It’s an unfortunate situation in which to find yourself when your favourite domestic animal likes to harass and kill your study species. That, however, is the scenario we have to deal with regularly in Bouhachem where domestic dogs owned by villagers harass and sometimes kill the Endangered Barbary macaque. Apart from worrying how this might be affecting macaque mortality, there is the tendency to want to “do something”, but anything we do has to be done carefully as the Barbary macaques are as scared of people as they are of dogs. In the example of the wounded female in the article, we saw off the attacking dogs and stayed around to ensure the female was unmolested as she made her slow, painful progress from the ground up into the tree. As soon as she was safe in the tree, we left because her nearby family members were too frightened of us to return to her side. You can download the article here: www.barbarymacaque.org/publications/new-paper-dogs-disrupting-wildlife/
Another notable heart in mouth moment was watching an exhausted, heavily pregnant macaque sleeping on the forest floor and praying that no dog would suddenly, silently run in and attack her and watching an adult male desperately trying to take a very small infant to safety as it defiantly clung onto a plant only feet away from a charging dog. Thankfully the male succeeded!
Our work showed that spring was the period when dog attacks took place most often and lasted the longest. Unfortunately, this behaviour coincides with Barbary macaques heavily pregnant, giving birth and lactating, so they need to feed for long periods, finding most of their food on the ground. We have no idea how this may affect infant survivorship. However, one dog had the misfortune to get grabbed by the throat by a male macaque demonstrating that monkeys are not always the victims.
We have worked with the villagers who own dogs, vaccinating the animals against rabies. Our field team regularly monitors macaque groups and stops any dog harassment. We continue to work with village communities on dog health and welfare issues as part of our holistic approach to conservation.
My conservation project is based in Bouhachem in the region of Tangier-Tétouan in north Morocco. It is a remote mountainous area with the last extensive area of mixed oak forest in the region. The forest is home to the Endangered Barbary macaque and I initiated a research and conservation project in 2009. Ten villages are located on the periphery of the forest. These village communities are marginalised and suffer various disadvantages because of their physical location. Part of my research was to discover the historical, political and social influences in the context of past activities by outside agencies in the area in order to facilitate the development of conservation strategies to the local situation.
Bouhachem is in line to be upgraded to Natural Park status. In preparation for the expected rise in tourism this upgrading will bring, some development NGOs in collaboration with the regional authorities are driving development projects with variable results. For example, two villages (called Village 1 and village 2 to preserve their anonymity), were the recipients of fuel-efficient bread ovens. The idea behind the ovens is to reduce the amount of wood being used for fuel and to reduce the amount of time women spend collecting the wood is perceived by outside agencies as time-consuming and arduous.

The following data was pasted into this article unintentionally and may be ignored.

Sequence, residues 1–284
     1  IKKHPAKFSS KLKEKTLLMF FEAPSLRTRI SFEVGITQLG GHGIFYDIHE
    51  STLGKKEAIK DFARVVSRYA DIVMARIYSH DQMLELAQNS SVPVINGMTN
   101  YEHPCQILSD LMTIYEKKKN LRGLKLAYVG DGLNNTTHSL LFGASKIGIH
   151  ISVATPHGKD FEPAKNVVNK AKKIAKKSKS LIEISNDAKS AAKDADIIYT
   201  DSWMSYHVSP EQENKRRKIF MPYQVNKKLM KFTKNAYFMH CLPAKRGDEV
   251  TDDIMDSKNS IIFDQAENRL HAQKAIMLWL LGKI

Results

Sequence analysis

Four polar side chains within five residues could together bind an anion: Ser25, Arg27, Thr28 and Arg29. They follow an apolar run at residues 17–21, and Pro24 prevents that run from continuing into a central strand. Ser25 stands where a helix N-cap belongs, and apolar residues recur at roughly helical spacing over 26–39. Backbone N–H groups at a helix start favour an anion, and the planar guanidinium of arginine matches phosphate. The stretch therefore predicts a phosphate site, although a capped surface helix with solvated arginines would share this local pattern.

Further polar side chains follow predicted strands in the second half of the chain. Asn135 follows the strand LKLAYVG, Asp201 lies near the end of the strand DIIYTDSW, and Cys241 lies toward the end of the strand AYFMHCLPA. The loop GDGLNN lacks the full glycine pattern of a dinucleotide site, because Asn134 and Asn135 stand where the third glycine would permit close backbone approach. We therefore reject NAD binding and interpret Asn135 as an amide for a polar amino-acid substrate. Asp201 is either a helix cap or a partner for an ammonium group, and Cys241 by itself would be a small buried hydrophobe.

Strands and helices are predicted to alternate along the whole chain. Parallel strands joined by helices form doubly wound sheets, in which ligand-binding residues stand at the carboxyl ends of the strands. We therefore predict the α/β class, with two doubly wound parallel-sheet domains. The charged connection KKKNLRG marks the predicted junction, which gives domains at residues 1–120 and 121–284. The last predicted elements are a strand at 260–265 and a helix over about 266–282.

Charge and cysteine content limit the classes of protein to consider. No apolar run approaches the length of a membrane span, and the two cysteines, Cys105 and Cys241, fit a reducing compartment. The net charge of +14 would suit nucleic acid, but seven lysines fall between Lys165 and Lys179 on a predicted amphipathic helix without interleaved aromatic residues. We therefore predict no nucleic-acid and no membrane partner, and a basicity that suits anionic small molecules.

According to the oven manufacturer, each one is meant to be shared by 5 – 6 households and the villagers must work together to build and maintain a shelter for their oven. A woman from Village 1 told me that “We don’t want these ovens as we all [each household] have our own.” I suggested that a fuel efficient oven would require less work collecting firewood but she laughed and pointed to the store of large store of dead wood around her house “We have plenty of wood, that’s what the forest is for”. Her remark suggests that villagers perceive no shortage of firewood. Social factors might also explain the women’s resistance to the ovens as another woman told me:
We don’t mind collecting the wood; we all go together and sing as we work.
The outside agency responsible for the project failed to consider whether the collection of firewood could have positive social significance for village women. To date, neither village has used the ovens which remain where they were placed on delivery. Development workers were left frustrated at the women’s disregard of the ovens and were puzzled by what they perceived as the women’s reluctance to decrease their workload. It is unsurprising that some NGO employees express their frustration towards the villagers negatively. One told me:
The villagers are impossible to deal with as they are stubborn and don’t want to change or listen to new ideas and they won’t work together.
Villagers are well-accustomed to working together, fighting fires, and collectively herding their goats. The employee’s perception of intransigence may stem from the villagers’ reactions to the imposition of development initiatives on villages without prior consultation which might have identified the social significance of firewood collection for village women. It is thus imperative for conservation NGOs wishing to become involved in development work to understand that social as well as cultural mechanisms may affect project outcomes.